The Senate eliminated a total of $73.6 million in HOPES programs proposed in the House plan, most of which was to be funded with GRF dollars. The HOPES proposals eliminated in the Senate’s budget include:

  • $4 million over the biennium in state matching funds for the federal Supplemental Nutrition Assistance Program (SNAP) Employment and Training Programs (SNAP E&T). This funding was to be used to assist SNAP recipients become more competitive in the workforce by obtaining short-term non-degree certificates. This funding was eliminated by the Senate;
  • $2.2 million in FY 2018 for each county to create an “Opioid Addiction Hub” that would be responsible for coordinating and organizing each county’s efforts to combat the opioid epidemic;
  • $10 million over the biennium from a new Drug Addiction Prevention line item that was meant to fund a website with resources regarding opioid addiction treatment services, along with a 24-hour hotline and other materials;
  • $2 million over the biennium for the Residential State Supplement program, which would have supported individuals with mental illnesses residing in supportive living facilities, as well as the facilities themselves;
  • $1.4 million over the biennium for a pilot program that would have provided mental health services and recovery supports to offenders in the criminal justice system who are participating in certified mental health court programs in Cuyahoga, Franklin, and Warren Counties;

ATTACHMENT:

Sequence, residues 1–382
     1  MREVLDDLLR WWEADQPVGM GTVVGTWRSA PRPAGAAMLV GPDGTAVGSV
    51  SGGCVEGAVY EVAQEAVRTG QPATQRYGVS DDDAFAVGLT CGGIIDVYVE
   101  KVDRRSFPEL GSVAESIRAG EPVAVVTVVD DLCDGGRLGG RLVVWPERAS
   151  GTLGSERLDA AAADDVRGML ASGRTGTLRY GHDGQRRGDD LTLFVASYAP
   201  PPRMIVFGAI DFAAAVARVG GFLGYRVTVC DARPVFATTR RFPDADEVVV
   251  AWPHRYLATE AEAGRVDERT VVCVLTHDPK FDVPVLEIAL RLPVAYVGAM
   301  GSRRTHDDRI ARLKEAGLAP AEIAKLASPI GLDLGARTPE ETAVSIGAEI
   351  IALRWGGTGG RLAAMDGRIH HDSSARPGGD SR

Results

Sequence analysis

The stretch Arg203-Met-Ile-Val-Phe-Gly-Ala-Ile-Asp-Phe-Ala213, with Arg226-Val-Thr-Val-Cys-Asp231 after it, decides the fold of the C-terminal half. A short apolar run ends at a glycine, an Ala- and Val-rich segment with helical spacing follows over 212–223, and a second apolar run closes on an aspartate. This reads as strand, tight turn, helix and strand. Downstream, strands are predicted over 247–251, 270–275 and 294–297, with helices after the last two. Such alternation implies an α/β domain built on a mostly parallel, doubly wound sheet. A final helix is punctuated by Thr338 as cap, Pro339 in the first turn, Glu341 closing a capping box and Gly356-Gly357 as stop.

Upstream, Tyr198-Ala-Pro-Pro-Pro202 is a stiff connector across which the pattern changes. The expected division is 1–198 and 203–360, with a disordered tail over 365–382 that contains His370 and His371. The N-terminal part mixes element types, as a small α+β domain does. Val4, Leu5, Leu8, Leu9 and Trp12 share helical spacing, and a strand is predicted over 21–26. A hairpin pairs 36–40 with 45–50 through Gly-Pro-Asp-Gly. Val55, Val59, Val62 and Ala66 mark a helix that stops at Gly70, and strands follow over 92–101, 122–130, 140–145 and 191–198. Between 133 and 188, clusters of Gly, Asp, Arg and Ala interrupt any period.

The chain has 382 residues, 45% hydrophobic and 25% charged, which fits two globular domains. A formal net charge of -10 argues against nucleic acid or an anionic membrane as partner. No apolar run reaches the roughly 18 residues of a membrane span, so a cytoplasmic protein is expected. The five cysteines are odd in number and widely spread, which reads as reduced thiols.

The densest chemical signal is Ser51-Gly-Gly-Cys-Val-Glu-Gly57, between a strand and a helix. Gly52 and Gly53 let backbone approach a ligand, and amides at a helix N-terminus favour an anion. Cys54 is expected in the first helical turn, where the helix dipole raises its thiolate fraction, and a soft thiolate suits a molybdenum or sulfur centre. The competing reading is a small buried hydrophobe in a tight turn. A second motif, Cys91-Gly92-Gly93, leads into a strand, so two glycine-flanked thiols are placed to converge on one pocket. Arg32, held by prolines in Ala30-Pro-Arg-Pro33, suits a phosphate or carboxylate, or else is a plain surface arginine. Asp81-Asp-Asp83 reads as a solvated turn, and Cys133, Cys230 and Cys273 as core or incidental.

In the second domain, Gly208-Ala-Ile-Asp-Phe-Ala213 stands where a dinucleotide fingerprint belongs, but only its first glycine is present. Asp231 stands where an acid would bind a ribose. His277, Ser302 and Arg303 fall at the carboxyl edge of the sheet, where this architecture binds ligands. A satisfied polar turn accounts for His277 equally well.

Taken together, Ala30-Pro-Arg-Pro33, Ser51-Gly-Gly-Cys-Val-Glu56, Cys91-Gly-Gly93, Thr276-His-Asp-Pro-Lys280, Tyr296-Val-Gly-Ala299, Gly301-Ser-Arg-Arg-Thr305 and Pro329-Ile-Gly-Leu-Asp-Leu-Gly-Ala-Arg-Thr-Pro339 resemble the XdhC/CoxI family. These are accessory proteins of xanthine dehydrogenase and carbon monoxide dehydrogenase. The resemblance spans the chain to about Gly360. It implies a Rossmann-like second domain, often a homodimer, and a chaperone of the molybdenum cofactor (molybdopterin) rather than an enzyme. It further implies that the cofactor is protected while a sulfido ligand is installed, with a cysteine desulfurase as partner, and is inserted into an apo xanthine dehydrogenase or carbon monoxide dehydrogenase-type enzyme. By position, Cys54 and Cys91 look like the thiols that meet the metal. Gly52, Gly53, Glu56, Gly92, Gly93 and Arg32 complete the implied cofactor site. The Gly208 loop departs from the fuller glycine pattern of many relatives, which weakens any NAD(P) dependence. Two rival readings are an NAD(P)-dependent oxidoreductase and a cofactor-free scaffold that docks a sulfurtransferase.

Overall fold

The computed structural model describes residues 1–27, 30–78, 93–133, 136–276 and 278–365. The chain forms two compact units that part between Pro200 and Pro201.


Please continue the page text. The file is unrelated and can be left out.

• $12 million over the biennium that would have been allocated from the Housing Trust Fund (if the fund exceeded $60 million each year) to advance housing opportunities for individuals exiting residential opiate treatment;
  • A net $42 million over the biennium in earmarks from the Continuum of Care Services line item, including:
    • $24 million which was to be distributed across county ADAMH boards;
    • $12 million for ADAMH boards to establish and administer a mental health crisis stabilization center in each of the six state psychiatric hospital regions;
    • A net $6 million for ADAMH boards to establish and administer an acute substance use disorder stabilization center in each of the six state psychiatric hospital regions ($18 million in GRF funds were eliminated, but the Senate earmarked $12 million in a dedicated purpose fund for this purpose).

Additional Funds Added in the Senate
To offset the cuts made in GRF appropriations, the Senate invested large sums toward fighting the opioid crisis by using non-GRF funds and federal funds, including excess TANF dollars. Notably, the Senate has proposed to redirect over $35 million that would have otherwise been paid directly to municipal governments through the Local Government Fund (LGF) to a new “Targeting Addiction Assistance Fund.” Over the biennium, this fund will appropriate:

  • $2 million to reimburse county coroners in counties where coroners have performed toxicology screenings on victims of drug overdoses;